Truck accident fatalities a concern in Pennsylvania

Large truck accidents were involved in 155 of Pennsylvania’s 1,208 total vehicular fatalities in 2013.

Data from the 2013 National Highway Traffic Safety Administration statistics show that 1,208 people died in motor vehicle accidents in Pennsylvania. Of those, 155 people died in crashes that involved large trucks.

Allegheny County lost 65 people in all traffic crashes and one in a large truck crash. That one death represented a reduction in the number of such fatalities for the county as the area saw eight such deaths the prior year. Three people died in each 2011 and 2010 and another eight perished in large truck crashes in 2009 in Allegheny County.

In 2013, neighboring counties saw additional lives lost. Four truck accident deaths occurred in Butler County, three in Fayette County and two each in Washington and Westmoreland Counties. These statistics make it clear that safety can still be compromised when large trucks share the roads with other vehicles.

The problem of truck driver fatigue

With the long, lonely hours that truckers spend on the road, it is no wonder that fatigue can set in. However, this reality does not negate the importance of guidelines to help prevent tired truckers from driving heavy and dangerous vehicles. In 2013, the Federal Motor Carrier Safety Administration did update its rules for when drivers needed to take breaks. Reducing fatigue was the goal of this change.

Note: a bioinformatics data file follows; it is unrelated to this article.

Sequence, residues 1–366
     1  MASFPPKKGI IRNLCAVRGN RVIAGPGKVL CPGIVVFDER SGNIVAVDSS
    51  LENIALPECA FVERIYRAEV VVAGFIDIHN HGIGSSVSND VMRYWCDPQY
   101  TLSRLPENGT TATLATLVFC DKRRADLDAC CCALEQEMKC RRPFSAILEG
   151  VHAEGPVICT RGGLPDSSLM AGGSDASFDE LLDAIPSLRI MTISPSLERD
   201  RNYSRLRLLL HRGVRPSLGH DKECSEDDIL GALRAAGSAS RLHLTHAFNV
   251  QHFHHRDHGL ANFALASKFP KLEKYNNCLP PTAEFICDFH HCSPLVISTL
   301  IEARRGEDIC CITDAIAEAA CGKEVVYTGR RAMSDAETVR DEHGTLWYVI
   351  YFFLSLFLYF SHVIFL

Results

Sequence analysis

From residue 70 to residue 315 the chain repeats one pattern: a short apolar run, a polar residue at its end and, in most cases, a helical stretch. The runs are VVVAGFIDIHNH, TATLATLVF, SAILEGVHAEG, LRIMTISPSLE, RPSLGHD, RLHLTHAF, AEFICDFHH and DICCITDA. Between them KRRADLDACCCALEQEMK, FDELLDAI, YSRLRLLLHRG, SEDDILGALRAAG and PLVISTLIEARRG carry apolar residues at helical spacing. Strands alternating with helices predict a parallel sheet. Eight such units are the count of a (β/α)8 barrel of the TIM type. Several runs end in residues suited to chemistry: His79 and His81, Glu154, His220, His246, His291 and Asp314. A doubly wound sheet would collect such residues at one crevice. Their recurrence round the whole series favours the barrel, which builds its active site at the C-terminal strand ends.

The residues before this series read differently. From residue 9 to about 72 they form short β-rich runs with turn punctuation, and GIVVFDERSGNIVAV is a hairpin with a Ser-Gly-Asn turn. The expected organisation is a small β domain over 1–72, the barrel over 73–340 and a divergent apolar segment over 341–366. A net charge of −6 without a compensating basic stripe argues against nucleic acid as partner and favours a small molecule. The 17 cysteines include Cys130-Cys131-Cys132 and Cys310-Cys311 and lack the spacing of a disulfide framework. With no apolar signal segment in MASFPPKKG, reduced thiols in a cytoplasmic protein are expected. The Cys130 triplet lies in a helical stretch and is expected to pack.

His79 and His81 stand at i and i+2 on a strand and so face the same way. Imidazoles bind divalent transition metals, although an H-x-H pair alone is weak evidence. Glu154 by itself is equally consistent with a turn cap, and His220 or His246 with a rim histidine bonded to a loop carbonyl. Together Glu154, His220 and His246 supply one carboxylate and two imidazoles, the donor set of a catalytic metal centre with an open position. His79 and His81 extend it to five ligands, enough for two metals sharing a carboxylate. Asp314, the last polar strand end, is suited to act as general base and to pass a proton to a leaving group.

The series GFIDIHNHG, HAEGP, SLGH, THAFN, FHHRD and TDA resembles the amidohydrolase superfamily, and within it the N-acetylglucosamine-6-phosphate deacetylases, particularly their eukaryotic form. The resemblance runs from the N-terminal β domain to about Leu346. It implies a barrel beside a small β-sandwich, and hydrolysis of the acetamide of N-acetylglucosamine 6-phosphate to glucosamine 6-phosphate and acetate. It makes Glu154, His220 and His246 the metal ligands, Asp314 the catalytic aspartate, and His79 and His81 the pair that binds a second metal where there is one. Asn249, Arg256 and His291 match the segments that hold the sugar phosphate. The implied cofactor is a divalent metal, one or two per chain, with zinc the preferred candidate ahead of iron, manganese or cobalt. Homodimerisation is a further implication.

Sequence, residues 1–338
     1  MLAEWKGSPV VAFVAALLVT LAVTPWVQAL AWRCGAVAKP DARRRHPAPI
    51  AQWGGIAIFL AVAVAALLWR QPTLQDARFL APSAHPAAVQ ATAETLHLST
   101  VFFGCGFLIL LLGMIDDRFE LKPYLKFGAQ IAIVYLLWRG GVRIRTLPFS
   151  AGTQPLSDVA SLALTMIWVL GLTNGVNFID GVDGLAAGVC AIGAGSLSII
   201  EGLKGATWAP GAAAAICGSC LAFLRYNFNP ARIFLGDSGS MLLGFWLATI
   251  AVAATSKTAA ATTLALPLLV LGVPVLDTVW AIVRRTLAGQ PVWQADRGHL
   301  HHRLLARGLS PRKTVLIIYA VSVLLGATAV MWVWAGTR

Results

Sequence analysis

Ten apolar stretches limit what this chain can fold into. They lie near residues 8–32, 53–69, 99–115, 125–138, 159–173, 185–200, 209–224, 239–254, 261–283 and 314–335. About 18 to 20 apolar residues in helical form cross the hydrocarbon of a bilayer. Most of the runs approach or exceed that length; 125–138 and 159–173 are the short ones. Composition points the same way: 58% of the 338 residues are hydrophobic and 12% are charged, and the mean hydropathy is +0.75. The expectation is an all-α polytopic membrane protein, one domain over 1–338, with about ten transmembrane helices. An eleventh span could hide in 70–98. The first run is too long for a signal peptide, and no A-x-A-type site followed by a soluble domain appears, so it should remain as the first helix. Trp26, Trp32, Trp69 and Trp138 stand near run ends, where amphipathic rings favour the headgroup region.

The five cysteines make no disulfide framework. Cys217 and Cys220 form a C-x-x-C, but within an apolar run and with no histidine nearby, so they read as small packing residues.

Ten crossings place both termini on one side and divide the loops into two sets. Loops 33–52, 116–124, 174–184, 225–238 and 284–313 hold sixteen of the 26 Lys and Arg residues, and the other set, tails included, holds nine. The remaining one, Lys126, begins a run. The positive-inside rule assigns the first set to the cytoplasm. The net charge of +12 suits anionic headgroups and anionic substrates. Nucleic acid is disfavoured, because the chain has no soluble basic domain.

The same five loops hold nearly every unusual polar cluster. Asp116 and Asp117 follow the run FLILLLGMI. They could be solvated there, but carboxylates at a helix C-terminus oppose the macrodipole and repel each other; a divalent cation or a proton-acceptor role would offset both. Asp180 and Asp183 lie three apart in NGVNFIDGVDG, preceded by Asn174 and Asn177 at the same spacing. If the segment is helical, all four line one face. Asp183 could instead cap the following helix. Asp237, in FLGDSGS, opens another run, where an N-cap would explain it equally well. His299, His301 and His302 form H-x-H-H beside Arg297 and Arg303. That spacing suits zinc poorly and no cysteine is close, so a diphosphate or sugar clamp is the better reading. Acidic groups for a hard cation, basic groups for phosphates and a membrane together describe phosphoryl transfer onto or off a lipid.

The new rules were not widely accepted and have led to a hold on the ruling per Congress as noted by the Supply Chain Digest. OverdriveOnline.com indicates that the FMCSA was given through September 2015 to get additional data about the change. However, the timeline for further information can be extended if need be.

Issues with impaired driving

The FMCSA has been conducting random driver substance tests. Bulk Transporter notes that these efforts will continue because the results have demonstrated a need for this. Over a period of time, the number of failed tests has been increasing. The tests are for both drugs and alcohol.

Drug and alcohol use is also the subject of a new database and pre-hire process that the FMCSA is developing currently. According to the Commercial Carrier Journal, drivers must submit to and pass substance testing before they can legally be hired for driving jobs. All test results, including refusals to take tests, must be logged into the database. A review of records in this database is required by all potential employers before hiring can be allowed.

Pennsylvania residents deserve safe roads

Safety matters. It really is that simple. When a Pennsylvania resident is involved in an accident with a large truck, compensation is needed. It is best to contact an attorney promptly in these situations.